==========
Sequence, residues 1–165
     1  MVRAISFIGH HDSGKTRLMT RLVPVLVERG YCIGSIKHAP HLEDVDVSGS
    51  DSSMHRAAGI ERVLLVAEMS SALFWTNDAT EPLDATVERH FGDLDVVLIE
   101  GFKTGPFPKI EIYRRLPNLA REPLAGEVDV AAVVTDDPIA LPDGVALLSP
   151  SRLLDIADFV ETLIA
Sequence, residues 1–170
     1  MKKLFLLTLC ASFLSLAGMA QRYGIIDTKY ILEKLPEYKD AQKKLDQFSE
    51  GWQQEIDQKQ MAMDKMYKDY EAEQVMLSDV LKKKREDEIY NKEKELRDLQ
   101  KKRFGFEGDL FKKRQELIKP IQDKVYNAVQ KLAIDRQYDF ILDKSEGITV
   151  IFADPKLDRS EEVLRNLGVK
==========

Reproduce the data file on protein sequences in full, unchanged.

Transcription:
Sequence, residues 1–165
     1  MVRAISFIGH HDSGKTRLMT RLVPVLVERG YCIGSIKHAP HLEDVDVSGS
    51  DSSMHRAAGI ERVLLVAEMS SALFWTNDAT EPLDATVERH FGDLDVVLIE
   101  GFKTGPFPKI EIYRRLPNLA REPLAGEVDV AAVVTDDPIA LPDGVALLSP
   151  SRLLDIADFV ETLIA
Sequence, residues 1–170
     1  MKKLFLLTLC ASFLSLAGMA QRYGIIDTKY ILEKLPEYKD AQKKLDQFSE
    51  GWQQEIDQKQ MAMDKMYKDY EAEQVMLSDV LKKKREDEIY NKEKELRDLQ
   101  KKRFGFEGDL FKKRQELIKP IQDKVYNAVQ KLAIDRQYDF ILDKSEGITV
   151  IFADPKLDRS EEVLRNLGVK